The World Bank this week issued a statement saying that increasing food prices have driven an estimated 44 million people into poverty in low- and middle-income countries since June 2010. This staggering increase in global poverty levels has serious economic, social, and political implications. Many experts and media outlets worldwide have linked rising food prices to riots in Algeria, the ousting of President Zine El Abidine Ben Ali in Tunisia, and the recent riots in Egypt which led to the historic resignation of President Hosni Mubarak.

With all the news of floods in Australia decimating the country’s wheat crop and adverse weather in the US cutting corn and soybean harvests, commodities prices across the globe are again seeing drastic increases, raising fears that we may be witnessing a return of widespread food insecurity and subsequent political and economic turmoil. Moreover, the FAO’s recent statement that global food prices reached a record high in December 2010 has sparked the memory of the crisis in 2007–08 and turned global attention back to the issue of food security.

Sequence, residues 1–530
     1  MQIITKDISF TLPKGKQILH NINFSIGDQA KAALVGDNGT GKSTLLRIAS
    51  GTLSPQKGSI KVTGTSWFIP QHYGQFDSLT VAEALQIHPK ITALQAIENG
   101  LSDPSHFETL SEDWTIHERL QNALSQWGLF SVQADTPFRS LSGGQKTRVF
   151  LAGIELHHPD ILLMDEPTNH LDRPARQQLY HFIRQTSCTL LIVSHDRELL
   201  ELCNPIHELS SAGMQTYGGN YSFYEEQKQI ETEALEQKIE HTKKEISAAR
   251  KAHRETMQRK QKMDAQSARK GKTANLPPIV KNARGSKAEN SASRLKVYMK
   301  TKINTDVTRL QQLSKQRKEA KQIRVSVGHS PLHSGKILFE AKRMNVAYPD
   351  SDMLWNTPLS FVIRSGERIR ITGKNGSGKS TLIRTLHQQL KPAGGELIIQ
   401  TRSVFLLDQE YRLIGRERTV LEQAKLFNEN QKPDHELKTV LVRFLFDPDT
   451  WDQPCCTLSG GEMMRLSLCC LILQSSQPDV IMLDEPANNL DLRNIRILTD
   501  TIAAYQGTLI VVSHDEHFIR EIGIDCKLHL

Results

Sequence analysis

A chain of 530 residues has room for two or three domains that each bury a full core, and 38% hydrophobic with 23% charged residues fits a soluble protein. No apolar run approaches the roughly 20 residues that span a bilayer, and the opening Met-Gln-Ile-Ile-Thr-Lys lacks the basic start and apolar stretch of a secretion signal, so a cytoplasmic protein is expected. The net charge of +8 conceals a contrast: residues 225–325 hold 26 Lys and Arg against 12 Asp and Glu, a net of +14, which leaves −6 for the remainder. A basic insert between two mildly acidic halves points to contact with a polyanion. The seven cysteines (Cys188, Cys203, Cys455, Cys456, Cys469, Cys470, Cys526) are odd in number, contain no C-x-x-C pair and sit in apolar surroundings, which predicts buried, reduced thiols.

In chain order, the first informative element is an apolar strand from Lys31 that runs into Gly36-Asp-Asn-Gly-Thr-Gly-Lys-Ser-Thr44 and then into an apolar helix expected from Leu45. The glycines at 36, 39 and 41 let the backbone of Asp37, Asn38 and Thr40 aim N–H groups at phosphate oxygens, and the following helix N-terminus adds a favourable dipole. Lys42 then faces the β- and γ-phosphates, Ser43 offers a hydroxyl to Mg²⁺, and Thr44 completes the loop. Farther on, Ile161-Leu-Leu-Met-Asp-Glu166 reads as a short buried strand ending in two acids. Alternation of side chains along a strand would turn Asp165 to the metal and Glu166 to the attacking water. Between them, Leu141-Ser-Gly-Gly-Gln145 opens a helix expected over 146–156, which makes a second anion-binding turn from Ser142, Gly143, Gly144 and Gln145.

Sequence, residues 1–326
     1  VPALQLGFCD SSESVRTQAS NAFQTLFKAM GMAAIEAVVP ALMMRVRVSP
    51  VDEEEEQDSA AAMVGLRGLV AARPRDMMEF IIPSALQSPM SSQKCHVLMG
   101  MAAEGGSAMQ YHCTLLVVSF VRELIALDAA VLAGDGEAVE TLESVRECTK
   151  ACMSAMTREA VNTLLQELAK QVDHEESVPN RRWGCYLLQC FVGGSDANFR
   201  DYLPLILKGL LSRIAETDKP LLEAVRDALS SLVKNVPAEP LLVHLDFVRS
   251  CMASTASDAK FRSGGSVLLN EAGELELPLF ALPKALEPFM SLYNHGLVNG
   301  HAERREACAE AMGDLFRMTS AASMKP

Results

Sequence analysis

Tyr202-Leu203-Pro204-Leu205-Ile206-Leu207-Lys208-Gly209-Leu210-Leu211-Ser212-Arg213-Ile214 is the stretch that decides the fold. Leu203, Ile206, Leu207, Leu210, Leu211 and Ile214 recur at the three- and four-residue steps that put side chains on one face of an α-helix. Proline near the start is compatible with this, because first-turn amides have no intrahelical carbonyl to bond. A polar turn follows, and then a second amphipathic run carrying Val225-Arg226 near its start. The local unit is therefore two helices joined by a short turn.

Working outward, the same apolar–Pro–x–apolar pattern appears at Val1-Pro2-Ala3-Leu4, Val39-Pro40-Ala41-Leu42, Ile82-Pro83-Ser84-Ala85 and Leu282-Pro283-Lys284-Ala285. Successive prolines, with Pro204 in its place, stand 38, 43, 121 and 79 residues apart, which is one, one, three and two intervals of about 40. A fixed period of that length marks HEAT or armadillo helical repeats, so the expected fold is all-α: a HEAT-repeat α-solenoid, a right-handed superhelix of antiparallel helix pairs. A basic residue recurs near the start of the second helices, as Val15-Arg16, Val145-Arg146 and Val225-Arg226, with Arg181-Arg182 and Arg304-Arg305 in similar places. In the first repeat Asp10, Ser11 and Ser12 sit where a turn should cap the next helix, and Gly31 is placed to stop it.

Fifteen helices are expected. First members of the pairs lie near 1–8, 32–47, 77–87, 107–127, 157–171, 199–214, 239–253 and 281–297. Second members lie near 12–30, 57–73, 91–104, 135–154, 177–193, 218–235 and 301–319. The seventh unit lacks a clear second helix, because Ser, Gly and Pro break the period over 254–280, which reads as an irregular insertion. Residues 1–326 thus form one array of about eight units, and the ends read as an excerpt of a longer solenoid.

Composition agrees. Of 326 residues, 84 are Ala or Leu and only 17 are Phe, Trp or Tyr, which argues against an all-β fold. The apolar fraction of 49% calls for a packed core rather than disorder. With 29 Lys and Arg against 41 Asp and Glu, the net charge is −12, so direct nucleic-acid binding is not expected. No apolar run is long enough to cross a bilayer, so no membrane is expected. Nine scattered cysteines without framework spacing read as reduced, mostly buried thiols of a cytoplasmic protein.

As global food prices continue to surge, individuals and families in the developing world may be facing a new food reality. Fluctuations in the price of staple commodities may benefit some households’ welfare (producers) while hurting others (consumers). Understanding how price increases affect the developing world on a household level can pose a major challenge to global policymakers as they strive to respond to global and national food crises.

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